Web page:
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The Journal.

The Journal.

The most important stories, explained through the lens of business. A podcast about money, business and power. Hosted by Kate Linebaugh and Ryan Knutson. The Journal is a co-production from Gimlet Media and The Wall Street Journal.


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The Suit to Dissolve the NRA

The attorney general of New York yesterday filed a lawsuit seeking to dissolve the National Rifle Association. Her case alleges that four top executives used the organization for lavish personal expenses. WSJ's Mark Maremont and Jennifer Forsyth explain.
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Kodak's Big Moment Draws Scrutiny

The Trump administration announced last week that it would be giving Kodak a $765 million loan to make pharmaceutical chemicals. WSJ's Geoffrey Rogow and Theo Francis explain how the deal came about and how it has set off an SEC investigation.
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How Twitter's Massive Hack Went Down

The key moment in Twitter's hack last month came down to a teenager making a phone call, prosecutors say. WSJ's Robert McMillan explains how the hacker broke into some of Twitter's biggest accounts.
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Inside the Race to Save TikTok

TikTok has faced mounting pressure from the White House over security concerns, leading to secret discussions to sell the Chinese-owned app's U.S. operations to Microsoft. WSJ's Brad Reagan explains how the deal nearly imploded over the weekend.
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Who's Responsible if a Worker Gets Covid-19 on the Job?

Employers are getting sued by workers who got sick - and the families of workers who died - from Covid-19 after being on the job. They say the companies failed to protect them from the virus. WSJ's Janet Adamy explains what's behind the litigation and what it means for reopening businesses.
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Why Evictions Are Starting Again

When the pandemic started, federal and local lawmakers moved to protect renters from eviction. Now, many of those eviction moratoria are expiring. WSJ's Will Parker explains.
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The 'Emperors of the Online Economy' Testify

The CEOs of Apple, Google, Facebook and Amazon appeared before Congress to face questions about anticompetitive behavior. WSJ's Ryan Tracy breaks down lawmakers' showdown with Big Tech.
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How Portland Became a National Battleground

Oregon and the Trump administration today reached a deal for federal agents to begin withdrawing from the city of Portland. WSJ's Miriam Gottfried explains the bind in which Portland's mayor has found himself and how other liberal mayors may face the same challenges.
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Life-and-Death Choices in a Rural Texas County

Starr County on Texas' southern border has been overwhelmed by coronavirus cases. Dr. Jose Vasquez, the county's health official, explains how doctors and health workers have been forced to make decisions about whom to treat.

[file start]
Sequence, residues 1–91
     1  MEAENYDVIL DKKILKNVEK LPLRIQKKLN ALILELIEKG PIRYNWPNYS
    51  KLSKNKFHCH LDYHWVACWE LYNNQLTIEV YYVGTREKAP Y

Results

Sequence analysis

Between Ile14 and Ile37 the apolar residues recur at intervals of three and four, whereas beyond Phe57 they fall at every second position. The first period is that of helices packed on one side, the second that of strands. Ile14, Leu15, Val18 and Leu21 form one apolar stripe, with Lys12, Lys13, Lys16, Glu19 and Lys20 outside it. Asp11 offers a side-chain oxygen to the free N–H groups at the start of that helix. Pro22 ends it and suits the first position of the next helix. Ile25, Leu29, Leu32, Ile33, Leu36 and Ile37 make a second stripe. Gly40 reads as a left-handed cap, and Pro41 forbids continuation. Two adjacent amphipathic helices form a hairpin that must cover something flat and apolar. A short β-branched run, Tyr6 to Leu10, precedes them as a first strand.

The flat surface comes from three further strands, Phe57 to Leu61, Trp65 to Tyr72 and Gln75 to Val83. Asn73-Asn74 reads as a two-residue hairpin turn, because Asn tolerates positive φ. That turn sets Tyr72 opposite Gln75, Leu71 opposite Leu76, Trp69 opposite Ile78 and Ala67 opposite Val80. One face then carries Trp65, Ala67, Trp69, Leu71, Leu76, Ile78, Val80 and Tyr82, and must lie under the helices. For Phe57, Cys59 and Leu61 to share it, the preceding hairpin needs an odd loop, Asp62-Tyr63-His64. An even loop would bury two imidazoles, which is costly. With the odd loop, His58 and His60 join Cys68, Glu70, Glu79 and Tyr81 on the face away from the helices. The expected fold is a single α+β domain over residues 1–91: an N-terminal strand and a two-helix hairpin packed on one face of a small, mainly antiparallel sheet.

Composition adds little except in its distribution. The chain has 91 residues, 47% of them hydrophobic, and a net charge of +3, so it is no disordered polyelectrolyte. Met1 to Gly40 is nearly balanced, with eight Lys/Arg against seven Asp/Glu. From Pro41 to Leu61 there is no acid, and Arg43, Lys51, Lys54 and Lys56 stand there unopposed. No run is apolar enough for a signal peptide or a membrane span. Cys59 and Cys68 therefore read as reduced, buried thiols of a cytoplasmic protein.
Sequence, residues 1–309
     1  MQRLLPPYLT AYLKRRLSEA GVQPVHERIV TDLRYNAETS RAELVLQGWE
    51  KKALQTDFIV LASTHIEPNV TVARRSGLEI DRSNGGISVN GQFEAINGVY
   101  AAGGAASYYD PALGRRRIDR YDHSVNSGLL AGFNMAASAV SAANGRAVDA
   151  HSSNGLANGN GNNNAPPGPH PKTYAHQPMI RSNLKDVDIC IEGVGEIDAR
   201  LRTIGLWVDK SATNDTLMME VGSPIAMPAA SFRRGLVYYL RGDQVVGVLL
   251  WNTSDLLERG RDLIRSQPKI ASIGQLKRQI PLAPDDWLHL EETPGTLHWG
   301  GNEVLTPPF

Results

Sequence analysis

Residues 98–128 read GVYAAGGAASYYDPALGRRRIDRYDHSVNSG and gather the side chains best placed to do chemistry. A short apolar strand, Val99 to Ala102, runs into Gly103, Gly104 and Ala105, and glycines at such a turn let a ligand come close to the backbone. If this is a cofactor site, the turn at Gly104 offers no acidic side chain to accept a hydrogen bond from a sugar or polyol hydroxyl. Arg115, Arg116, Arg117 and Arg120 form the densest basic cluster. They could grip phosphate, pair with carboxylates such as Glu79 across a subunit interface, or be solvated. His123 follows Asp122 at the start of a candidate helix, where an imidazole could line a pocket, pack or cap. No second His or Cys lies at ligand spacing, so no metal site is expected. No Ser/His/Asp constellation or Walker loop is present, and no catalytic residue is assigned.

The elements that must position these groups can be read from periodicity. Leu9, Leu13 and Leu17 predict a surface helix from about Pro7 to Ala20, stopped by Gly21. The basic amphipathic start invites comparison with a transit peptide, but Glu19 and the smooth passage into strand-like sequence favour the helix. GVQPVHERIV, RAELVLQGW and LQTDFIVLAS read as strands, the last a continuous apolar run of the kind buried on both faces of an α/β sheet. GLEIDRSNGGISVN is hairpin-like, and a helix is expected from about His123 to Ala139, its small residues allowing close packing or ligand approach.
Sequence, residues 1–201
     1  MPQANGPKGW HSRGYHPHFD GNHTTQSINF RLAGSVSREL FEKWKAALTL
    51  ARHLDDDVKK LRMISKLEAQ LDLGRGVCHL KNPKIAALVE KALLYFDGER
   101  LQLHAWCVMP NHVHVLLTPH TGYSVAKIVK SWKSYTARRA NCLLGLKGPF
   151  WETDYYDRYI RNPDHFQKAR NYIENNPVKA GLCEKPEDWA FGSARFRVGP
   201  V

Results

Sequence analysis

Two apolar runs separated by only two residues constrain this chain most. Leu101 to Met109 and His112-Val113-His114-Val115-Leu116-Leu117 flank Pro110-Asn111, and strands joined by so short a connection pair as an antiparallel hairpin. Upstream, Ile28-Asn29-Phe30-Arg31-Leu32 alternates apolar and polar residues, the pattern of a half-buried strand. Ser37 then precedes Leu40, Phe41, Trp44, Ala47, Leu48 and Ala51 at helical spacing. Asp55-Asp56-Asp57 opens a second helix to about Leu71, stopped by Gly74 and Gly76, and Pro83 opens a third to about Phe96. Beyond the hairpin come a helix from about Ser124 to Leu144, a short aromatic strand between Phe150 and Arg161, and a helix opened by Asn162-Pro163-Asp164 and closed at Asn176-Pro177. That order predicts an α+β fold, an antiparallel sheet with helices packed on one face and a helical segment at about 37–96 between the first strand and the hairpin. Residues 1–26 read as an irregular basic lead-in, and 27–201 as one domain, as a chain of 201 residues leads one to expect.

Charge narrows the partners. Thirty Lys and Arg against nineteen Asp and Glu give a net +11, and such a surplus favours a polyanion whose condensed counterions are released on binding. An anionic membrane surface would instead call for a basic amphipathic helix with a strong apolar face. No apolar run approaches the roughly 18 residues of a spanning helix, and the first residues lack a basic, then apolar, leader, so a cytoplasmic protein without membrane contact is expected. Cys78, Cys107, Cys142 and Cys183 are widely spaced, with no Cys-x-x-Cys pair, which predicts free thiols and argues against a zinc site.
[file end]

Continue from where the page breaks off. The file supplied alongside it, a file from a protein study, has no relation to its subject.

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School's Coming Back. What Will It Look Like?

Superintendent Dr. Curtis Jones faces a major decision: whether to open his school to in-person learning or go remote. Dr. Jones explains how he's making the calculation.
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The Inside Story of Europe's Historic Bailout

The European Union passed an unprecedented relief package this week to help member countries hit hard by the coronavirus. WSJ's Bojan Pancevski takes us inside the backstory to that decision and explains what it could mean for the future of the EU.
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The Coming Wave of Small-Business Layoffs

The Paycheck Protection Program helped small businesses keep paying their workers during this economic crisis. Now, many of those businesses have spent those funds but are still struggling. WSJ's Amara Omeokwe explains why that's forcing many small businesses to lay off workers.
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From Boom to Bust in America's Largest Oil Field

The U.S. oil industry is going through a deep downturn, and oil towns in West Texas are feeling the pain. WSJ's Christopher M. Matthews explains what it looks like when a town goes from boom to bust in record time, and what it could mean for the rest of the economy.
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The End of $600 a Week for the Unemployed?

Congress is debating whether to renew a $600 supplement to unemployment benefits. WSJ's Eric Morath explains what the money has meant for the economy and what might happen if it goes away.
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Municipal Debt: How the Coronavirus Created a City Budget Crisis

The pandemic has shredded city budgets across the U.S. WSJ's Heather Gillers explains the cuts municipal governments are considering and how years of accumulating debt have put many in an even tougher spot.
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Pro Sports Are Coming Back. Can They Pull It Off?

Professional basketball and baseball players return to work this month under dramatically different conditions. WSJ's Ben Cohen and Jared Diamond explain why Major League Baseball and the National Basketball Association ended up with such different plans for playing in the pandemic. The Journal podcast will be taking a week off. We will be back with new episodes on July 20.
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The Supreme Court Decides on Trump's Financial Records